Meet Per Petterson, one of the finest Norwegian writers, who talks about writing between the lines and playing with what’s not being told. And about a country that’s flooded with money!
Norwegian writer Per Petterson was born 1952 and is one of the most important living Norwegian writers. In 2005 New York Times compared Petterson to Knut Hamsun and called his novel ‘Out Stealing Horses’ one of this year’s best novels. James Wood, critic at The New Yorker Magazine, has acclaimed ‘I Curse the River of Time’ from 2010.
In this interview Per Petterson talks about his writing, how he started out trying to be like his favorite writer Ernest Hemingway, but all attempts failed. “It took me until the mid 80s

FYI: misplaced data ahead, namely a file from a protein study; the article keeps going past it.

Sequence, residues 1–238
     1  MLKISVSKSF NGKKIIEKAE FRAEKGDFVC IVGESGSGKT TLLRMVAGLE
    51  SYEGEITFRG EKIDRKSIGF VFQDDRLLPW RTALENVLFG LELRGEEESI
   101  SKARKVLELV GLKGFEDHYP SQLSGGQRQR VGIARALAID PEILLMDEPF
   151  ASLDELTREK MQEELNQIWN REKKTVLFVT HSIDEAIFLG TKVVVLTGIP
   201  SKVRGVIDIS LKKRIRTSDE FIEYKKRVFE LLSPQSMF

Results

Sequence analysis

to be able to achieve anything”, he says. “If I am completely honest then my problem now isn’t that I think nothing fresh will come to me, but the anxiety that it won’t”.
“The one person you can trust 100% is the reader. Readers aren’t stupid. I’ve learnt that I can leave things out and not bother to include everything.”
Petterson grew up in a working class family and sees a Norway today where “You’re supposed to show off your money and success.To have not much money in Norway today is embarrassing.”
Per Petterson was interviewed by Kim Skotte, from Politiken Daily Newspaper in connection to the Louisiana Literature festival august 2013, at the Louisiana Museum of Modern Art, Denmark.
Camera: Klaus Elmer and Mathias Nyholm
Edited by: Kamilla Bruus
Produced by: Christian Lund
Copyright: Louisiana Channel, Louisiana Museum of Modern Art, 2014
Supported by Nordea-fonden